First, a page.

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What is a Feral Cat?

feral (adj.) [Lat. fera, wild animal - ferus, wild.] 1. a. Existing in an untamed state. b. Having escaped from domestication and become wild. 2. Of or like a wild animal: savage.

A feral cat is one which is free-roaming and unowned, often referred to as alley cats or strays; abandoned or neglected pets living without human contact, that have developed a natural fear of humans similar to wild animals. Visit the Feral Cat Coalition for more information.

Where do Feral Cats Come From?

An estimated sixty million feral cats live in the United States today. These cats are victims of unfortunate circumstances brought on by people who do not understand the problems they have created by refusing to spay or neuter their pets and abandoning them when ownership becomes either impossible or no longer desired.

Unsterilized cats eventually band together in groups called colonies. Surviving on meager scraps, these colonies grow.

Where are Feral Cats Found?

You can find them everywhere. In particular, commercial, industrial, and military facilities have become havens for feral cats struggling to survive. Ferals also live in wooded areas, storm sewers, and drainage ditches. Visit Alley Cat Allies for more information.

Feral Cat Population Control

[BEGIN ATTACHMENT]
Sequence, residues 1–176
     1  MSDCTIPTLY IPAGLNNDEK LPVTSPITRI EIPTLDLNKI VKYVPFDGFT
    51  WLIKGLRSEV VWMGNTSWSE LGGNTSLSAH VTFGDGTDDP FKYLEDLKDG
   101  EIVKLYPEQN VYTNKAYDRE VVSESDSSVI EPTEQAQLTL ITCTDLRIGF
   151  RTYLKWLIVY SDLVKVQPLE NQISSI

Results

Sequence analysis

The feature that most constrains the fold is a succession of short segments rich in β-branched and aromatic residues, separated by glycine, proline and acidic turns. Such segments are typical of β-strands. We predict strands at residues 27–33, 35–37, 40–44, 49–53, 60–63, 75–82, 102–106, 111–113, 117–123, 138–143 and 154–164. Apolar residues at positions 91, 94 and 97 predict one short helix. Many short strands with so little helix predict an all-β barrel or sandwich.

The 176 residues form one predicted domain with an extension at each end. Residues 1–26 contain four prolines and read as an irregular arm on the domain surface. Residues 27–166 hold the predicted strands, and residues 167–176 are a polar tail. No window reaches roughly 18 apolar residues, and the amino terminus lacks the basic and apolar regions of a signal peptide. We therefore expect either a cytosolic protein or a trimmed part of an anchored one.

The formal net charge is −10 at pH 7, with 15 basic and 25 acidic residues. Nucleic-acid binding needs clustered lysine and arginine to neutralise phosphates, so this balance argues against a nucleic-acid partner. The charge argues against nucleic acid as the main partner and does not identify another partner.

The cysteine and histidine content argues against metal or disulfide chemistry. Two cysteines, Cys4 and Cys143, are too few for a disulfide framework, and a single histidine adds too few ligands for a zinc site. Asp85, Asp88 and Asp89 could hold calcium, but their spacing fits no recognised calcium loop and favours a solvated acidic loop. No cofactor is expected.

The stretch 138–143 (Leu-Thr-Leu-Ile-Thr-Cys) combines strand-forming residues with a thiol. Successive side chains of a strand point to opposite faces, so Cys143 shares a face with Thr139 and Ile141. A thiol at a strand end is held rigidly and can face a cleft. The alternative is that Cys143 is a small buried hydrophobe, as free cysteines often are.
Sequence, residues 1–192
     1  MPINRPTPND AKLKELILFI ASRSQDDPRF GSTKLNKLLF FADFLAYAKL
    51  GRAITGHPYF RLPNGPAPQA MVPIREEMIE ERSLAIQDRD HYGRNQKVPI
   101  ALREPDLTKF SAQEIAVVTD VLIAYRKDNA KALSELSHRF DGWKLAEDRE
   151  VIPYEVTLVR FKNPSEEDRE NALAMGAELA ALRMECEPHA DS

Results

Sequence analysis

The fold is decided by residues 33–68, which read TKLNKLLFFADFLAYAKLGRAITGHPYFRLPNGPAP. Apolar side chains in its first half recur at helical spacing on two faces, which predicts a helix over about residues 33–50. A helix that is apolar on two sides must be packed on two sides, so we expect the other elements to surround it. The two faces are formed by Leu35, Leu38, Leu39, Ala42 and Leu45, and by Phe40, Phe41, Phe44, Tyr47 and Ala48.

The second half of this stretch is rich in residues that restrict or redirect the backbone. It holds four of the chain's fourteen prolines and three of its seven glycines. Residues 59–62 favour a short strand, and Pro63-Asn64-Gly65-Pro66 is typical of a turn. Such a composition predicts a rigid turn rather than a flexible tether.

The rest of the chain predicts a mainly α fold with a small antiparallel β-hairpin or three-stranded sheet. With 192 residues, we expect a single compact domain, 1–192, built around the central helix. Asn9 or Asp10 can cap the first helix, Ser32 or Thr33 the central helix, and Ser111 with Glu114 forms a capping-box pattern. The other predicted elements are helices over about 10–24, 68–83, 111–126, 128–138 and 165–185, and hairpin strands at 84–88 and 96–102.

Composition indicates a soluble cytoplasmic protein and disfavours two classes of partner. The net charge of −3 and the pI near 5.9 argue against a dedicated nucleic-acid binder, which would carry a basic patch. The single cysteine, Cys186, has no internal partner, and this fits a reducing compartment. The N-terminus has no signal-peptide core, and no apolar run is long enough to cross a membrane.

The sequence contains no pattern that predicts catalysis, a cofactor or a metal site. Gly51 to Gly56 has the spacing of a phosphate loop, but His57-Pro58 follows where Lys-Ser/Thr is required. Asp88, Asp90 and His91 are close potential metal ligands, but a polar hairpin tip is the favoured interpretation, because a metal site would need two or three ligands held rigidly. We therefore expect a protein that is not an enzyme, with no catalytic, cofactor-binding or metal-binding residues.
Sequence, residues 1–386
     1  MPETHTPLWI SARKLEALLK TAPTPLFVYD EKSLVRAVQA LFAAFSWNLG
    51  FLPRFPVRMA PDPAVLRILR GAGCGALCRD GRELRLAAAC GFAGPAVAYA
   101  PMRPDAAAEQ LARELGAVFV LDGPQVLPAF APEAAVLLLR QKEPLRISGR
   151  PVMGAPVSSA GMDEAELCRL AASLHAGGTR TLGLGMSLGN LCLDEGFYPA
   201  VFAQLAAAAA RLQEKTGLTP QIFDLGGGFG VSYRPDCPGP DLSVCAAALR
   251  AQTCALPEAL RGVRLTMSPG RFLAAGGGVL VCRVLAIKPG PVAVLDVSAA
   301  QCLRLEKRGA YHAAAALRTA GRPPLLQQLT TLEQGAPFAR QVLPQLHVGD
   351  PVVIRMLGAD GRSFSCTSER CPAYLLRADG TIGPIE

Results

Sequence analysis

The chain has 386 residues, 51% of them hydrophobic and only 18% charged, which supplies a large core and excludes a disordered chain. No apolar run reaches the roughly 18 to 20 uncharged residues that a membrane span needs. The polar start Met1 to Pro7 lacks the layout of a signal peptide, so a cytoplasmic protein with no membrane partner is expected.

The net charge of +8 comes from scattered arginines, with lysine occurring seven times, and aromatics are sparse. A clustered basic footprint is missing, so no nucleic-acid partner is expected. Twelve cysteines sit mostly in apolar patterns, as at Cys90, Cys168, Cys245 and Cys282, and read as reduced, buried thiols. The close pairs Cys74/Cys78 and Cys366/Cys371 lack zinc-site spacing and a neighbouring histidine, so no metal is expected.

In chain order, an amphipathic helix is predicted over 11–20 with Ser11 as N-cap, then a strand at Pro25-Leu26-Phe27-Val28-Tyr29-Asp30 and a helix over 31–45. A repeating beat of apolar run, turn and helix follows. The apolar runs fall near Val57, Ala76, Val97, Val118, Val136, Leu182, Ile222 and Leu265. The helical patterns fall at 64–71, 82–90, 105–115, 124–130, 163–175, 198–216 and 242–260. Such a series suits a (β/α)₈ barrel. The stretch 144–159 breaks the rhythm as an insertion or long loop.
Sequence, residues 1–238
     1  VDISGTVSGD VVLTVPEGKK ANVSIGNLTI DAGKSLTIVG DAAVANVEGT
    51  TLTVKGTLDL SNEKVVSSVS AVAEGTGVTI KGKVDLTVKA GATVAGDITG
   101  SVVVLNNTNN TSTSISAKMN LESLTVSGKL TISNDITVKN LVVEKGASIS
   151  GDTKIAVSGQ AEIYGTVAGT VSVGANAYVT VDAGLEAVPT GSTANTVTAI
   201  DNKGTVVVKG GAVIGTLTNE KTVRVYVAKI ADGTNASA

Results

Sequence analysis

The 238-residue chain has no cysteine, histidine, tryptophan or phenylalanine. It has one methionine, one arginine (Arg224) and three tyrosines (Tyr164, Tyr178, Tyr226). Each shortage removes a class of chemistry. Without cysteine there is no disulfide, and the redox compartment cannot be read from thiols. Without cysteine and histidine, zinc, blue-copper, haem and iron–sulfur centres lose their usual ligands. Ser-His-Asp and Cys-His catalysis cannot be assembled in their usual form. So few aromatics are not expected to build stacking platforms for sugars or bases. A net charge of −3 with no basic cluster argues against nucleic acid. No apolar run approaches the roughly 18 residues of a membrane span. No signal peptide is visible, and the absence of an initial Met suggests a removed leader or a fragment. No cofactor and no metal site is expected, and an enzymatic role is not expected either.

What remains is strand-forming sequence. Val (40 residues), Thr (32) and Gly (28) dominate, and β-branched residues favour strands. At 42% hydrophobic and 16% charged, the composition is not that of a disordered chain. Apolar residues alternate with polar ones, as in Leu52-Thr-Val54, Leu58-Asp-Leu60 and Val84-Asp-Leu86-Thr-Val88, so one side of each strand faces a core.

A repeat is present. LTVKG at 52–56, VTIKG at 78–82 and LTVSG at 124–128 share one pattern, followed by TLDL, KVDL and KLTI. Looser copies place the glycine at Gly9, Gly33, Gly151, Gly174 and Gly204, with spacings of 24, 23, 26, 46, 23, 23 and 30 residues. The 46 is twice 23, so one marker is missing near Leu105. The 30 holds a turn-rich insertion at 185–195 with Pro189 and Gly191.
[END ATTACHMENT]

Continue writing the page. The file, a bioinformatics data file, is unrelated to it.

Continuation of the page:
Animal Control has tried to eliminate them by trapping and killing. Eradication has proven ineffective and expensive in the long run. The presence of feral cats in a place indictates an ecological niche for approximately that number of cats. The permanent removal of significant number of cats from a niche will create a vacuum that will then be filled through migration from outside or through reproduction within the colony. This influx of a similar number of feral cats, that are usually sexually intact, leads to more cats within the colony.

Thus, mass removal of cats from an established colony increases the population turnover, but does not decrease the number of cats in the colony.


Trap - Alter - Return - Care and Management - It is time to look at this situation from a different perspective. With proper management, new insight and education, what was traditionally considered a problem can be turned around to create positive coexistence with naturally occurring benefits. A feral colony, for example, can elliminate and control an infestation of rats or moles with no, or very little, inconvenience to coexisting human populations.

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